If you’ve ever wanted your own army of monsters that you’ve had some hand in making, but don’t want to create from scratch, Papertoy Monsters is a great option. Turn two-dimensional paper into three-dimensional creatures by punching out shapes, folding and gluing them and then taking over the world. You can pack your army with the scary monsters (such as Confetti Yeti or Nishwyndym), the cute ones (such as Lili or Cubetto) or even the strange ones (such as Tongue Toastie or The Experiment).
These aren’t just pop ’em out and glue them kind of things. Well, they are, but there is a lot of gluing and folding. There are many tabs (some have more than two dozen), many folds, but it’s incredible how something just minutes before was a flat piece of paper is now a complicated sculpture of maximum monsterness. The designers of these creatures did a great job creating a variety of figures.
Each monster comes complete with details such as what type of monster it is, where it is from, a brief physical description and a list of abilities. Each also has a backstory that you can read to aid in your world domination. More importantly, though, there are step-by-step directions which instruct you on when to punch out each piece and what tab to glue to what.
The punch-out pages are made from good cardstock, printed on both sides, with the page itself perforated so you can tear it out. Everything is clearly marked and labeled, with numbers and scored fold lines. Some creature pages are better scored than others, however.
I’m really glad the pieces are all perforated. Cutting everything with scissors would have made it much less fun, and might keep kids from trying it on their own. But it is still paper, so you have to take care in punching things out, especially the pointy bits and thin sections. An X-acto knife would be a helpful tool for a few of the monsters.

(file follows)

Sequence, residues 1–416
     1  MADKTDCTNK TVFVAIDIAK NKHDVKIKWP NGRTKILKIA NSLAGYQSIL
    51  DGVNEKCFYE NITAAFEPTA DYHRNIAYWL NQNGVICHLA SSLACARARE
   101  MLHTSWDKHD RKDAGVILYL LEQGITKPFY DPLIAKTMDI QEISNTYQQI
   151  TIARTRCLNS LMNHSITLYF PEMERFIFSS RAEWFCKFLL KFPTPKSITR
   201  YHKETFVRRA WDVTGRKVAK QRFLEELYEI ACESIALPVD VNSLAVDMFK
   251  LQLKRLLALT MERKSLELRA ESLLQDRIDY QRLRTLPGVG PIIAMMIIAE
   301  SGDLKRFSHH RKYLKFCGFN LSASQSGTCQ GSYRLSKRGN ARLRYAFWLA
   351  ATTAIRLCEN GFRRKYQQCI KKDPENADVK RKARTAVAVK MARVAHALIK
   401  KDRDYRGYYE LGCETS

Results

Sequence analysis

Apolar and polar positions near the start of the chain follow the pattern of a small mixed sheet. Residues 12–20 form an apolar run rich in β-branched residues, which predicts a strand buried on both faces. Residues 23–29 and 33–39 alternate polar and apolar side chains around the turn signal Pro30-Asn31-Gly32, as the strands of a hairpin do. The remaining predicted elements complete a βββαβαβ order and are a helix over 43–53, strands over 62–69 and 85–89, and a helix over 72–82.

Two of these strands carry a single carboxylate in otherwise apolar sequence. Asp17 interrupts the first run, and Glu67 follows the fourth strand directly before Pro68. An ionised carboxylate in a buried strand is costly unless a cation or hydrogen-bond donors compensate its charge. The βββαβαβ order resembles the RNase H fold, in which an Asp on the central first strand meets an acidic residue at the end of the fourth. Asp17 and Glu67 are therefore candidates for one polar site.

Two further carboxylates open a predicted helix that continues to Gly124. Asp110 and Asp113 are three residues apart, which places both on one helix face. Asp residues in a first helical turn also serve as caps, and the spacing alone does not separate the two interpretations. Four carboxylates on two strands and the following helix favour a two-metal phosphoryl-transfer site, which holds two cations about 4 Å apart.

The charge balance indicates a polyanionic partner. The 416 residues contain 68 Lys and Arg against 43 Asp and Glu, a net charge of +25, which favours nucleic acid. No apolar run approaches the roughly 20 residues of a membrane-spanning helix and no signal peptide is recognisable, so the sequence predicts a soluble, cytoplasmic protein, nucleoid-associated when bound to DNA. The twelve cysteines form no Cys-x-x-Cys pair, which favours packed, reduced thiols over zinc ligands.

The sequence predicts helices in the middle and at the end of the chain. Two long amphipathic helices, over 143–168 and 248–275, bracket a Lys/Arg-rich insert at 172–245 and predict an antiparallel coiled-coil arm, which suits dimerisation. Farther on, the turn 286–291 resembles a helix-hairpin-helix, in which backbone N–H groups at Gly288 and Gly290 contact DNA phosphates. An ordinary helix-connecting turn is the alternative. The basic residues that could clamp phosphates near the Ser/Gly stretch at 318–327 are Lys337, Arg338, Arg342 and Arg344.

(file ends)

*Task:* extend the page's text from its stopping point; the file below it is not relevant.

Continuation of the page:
For the gluing part, I used glue stick. For most of parts I needed to glue, glue stick worked very well. It was easy to apply, and you didn’t have to hold it in place very long before it was dry enough for you to let go. Some of the spots required regular glue, though (namely the cone horns on Mega Larb – see photo). When you’re not able to create pressure from both sides, something stronger and oozier than glue stick is sometimes required. And on some of the other creatures, I more than once had to use a pencil eraser or other tool to push from one side.
Tip: Pay attention to the directions, and glue in the designated order. You may need to glue several tabs at once. I didn’t realize this one time and had a hard time getting glue stick to the next couple of tabs.
Papertoy Monsters contains 50 monsters to make plus 10 blank templates to design your own monsters (based on 10 of the 50). Inside the front and back cover are a handy pictorial index of the 50 monsters so you can easily choose what to make at a glance. I also found that the number of numbered tabs a monster has is a good indication of the difficulty. The higher the number, the more difficult. Of the monsters I made, Abagon (the dragon-like creature in the photo) was by far the most difficult and time consuming. But none were beyond my abilities. You just have to use a little care. And when you’re done, a few of them can double as finger puppets!
While straight forward, these aren’t monsters for small kids to assemble. Many of the monsters have quite a large number of folds or tabs, and the patience, care and dexterity needed for gluing them in the right place and holding them is beyond what very small kids can do. Kids can play with the results, however. And older kids (I’m thinking age 10 and over) can help assemble the monsters.
With today being Papertoy Monster Day, check out the special features on the Papertoy Monsters Tumblr site. There is a funny video, a (Facebook) quiz to see which monster you are, new monsters to download or you can even submit pictures of your own Papertoy Monsters.
I can see using this book for fun times or for helping kids to do battle with each other. They can also teach how things are constructed (Spacial Relations!). Another idea is for each individual monster to inspire a bedtime story or creative writing, especially since each one comes with a background story and plenty of other information. There are so many monsters, let your imagination be your guide. The possibilities are endless.
Papertoy Monsters retails for $16.95. It is full of hours of creative and silly fun for families to do together, or for parents to assemble their monster army. Muahahaha.
Note: I received a copy of this book for review purposes.